kris t kahn
THE THINGS WE DO FOR KINGS MUST END SOMETIME
master of the dawn, i hold
two steaming tea cups toward the sky.
i am so used to putting the water on
to boil still naked, walking through the house
as either uninvited wraith or being which belongs.
Louis XIV is in the next room, still tangled
in blankets: small pieces of skin stick out,
an arm here, a fillet of thigh there—
What is for breakfast? he asks before he's even tasted the poison.
Morning. i hand the cup without saucer; his hands
are sticks, bones which grasp round the circumference as though
frightened it might drop to the tile at any moment.
as King he must not admit to such things. no, never.
the Sun King draws his own draperies
and we watch the people stir below, or chance
glimpses of those remaining behind
on similar balconies with their own cups of tea,
exuding auras of loudmouthed, come-and-go sociability.
i was hired as lover not apothecary.
i'm not sure which of these hocus-pocus remedies
would work, make you vibrant again so
you might sit in the drawing room 'til dusk
underlining passages from Milton to be read aloud
at table. i've stopped my ears with cotton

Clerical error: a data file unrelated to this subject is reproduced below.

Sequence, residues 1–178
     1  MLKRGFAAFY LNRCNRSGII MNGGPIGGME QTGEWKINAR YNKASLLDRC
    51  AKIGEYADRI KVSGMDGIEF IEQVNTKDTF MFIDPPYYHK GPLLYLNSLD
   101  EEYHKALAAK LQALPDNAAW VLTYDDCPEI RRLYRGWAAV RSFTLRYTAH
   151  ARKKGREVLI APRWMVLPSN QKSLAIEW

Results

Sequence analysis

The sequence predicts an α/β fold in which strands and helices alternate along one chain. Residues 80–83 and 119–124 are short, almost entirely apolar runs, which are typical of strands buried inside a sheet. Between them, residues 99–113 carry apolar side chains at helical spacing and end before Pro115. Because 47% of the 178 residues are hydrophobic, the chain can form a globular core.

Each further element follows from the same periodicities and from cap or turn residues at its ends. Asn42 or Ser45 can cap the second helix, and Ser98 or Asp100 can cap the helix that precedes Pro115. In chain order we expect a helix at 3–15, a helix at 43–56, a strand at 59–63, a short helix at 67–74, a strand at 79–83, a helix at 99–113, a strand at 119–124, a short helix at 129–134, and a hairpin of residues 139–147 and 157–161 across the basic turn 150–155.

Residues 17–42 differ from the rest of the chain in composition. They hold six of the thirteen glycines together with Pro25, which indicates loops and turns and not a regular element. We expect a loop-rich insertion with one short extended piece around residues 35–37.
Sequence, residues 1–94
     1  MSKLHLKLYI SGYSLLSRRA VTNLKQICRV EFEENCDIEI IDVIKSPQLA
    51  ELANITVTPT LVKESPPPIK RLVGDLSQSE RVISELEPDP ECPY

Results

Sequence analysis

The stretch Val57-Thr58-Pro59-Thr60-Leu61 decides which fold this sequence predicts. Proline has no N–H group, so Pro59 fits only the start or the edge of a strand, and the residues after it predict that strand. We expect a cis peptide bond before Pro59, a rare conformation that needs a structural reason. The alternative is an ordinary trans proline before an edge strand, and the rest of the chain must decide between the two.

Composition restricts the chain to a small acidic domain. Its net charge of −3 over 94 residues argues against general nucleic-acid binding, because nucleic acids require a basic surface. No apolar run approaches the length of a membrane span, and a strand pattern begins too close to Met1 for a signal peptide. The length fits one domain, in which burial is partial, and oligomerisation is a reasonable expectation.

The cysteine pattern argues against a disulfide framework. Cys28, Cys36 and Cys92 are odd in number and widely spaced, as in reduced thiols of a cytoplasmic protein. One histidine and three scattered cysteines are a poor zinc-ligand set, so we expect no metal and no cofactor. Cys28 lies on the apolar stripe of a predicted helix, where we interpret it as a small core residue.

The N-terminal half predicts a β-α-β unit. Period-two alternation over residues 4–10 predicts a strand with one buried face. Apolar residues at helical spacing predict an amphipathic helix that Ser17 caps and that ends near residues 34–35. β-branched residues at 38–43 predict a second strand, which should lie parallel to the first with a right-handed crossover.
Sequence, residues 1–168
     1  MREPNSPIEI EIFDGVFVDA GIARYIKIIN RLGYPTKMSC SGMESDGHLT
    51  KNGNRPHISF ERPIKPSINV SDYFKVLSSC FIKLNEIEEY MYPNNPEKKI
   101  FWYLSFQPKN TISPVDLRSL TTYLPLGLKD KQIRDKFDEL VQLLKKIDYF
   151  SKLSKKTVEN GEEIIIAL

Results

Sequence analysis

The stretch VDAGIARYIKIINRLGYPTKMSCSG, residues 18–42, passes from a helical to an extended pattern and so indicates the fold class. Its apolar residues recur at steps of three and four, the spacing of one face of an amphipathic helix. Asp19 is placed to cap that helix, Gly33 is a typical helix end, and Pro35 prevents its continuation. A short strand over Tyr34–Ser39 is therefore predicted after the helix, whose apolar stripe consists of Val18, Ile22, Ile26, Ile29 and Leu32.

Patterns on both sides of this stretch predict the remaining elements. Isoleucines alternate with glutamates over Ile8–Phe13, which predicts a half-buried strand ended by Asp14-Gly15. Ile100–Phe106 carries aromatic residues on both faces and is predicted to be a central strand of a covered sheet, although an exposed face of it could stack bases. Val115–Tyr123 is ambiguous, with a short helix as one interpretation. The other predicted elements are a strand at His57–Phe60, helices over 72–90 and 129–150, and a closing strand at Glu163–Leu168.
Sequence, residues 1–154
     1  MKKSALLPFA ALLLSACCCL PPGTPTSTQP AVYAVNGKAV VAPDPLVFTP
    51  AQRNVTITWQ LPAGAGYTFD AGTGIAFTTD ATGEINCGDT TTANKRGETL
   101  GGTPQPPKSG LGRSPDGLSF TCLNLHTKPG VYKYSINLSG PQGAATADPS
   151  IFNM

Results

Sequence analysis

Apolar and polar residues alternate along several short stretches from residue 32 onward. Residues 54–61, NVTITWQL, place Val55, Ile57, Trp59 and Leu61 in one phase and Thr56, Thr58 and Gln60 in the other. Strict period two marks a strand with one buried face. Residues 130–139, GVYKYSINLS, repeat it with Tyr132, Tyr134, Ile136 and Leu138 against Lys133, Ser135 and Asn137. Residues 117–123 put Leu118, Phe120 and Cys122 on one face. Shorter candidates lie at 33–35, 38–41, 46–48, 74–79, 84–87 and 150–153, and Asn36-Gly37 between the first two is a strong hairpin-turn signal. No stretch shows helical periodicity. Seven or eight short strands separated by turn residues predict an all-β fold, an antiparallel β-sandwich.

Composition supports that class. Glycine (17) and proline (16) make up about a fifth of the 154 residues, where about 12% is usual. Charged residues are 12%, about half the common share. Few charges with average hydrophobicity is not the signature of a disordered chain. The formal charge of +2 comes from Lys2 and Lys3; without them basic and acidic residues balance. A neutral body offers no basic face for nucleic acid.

and feign jester instead, offering
wormwood to be Socratic, juggling
balls, balls, balls for your pleasure—
Your Majesty! how wonderful to pry open your eyes
and find you still alive, your glassy orbs searching my own.
how wonderful to greet the sun together,
hand upon hand, the sill a bony sort of balustrade
from which we can choose to descend. or not.
what voyeurs are we. the steam from the cup dims
the sun slightly but still
it is dawn / it is here and
this dawn i've spent without sleeping a wink and am
without regret. i've taken the dog-eared copy
of Milton and thrown it
obligingly into the incinerator, thinking
we might draw our own conclusions
from such a sight since Milton himself (toward
the end) had none.
later, after you've retired without Milton,
albeit slightly grievous at not having found him,
i walk the edge of the grounds alone and
capture in puddles stoic little rainbows.
i stuff these into my pockets, my own secret.
i need to keep something for my own, don't i?
and you, almost comatose, sucking me dry...
head propped up on a gilt-edged pillowcase,
visage grey, looking postmortem.
a rose. a fucking rose for my time, is that all?
what's this? No, no we are not calling Wordsworth,
i tell the others. i close the drapes, allowing no light through.
Milton had him in a frenzy as it was, had him
thinking he'd die at any moment. Wordsworth would have
had him picking daisies and smelling the crabgrass.
we couldn't have either one.
i quit the room and do not look back, Lot's other wife.
outside there are rainbows. they are the cure, i'm sure,
the cure i've been denying him all along,
the Sun King waiting in the richest darkness
for that cracked moment of twilight to come, with scythes.
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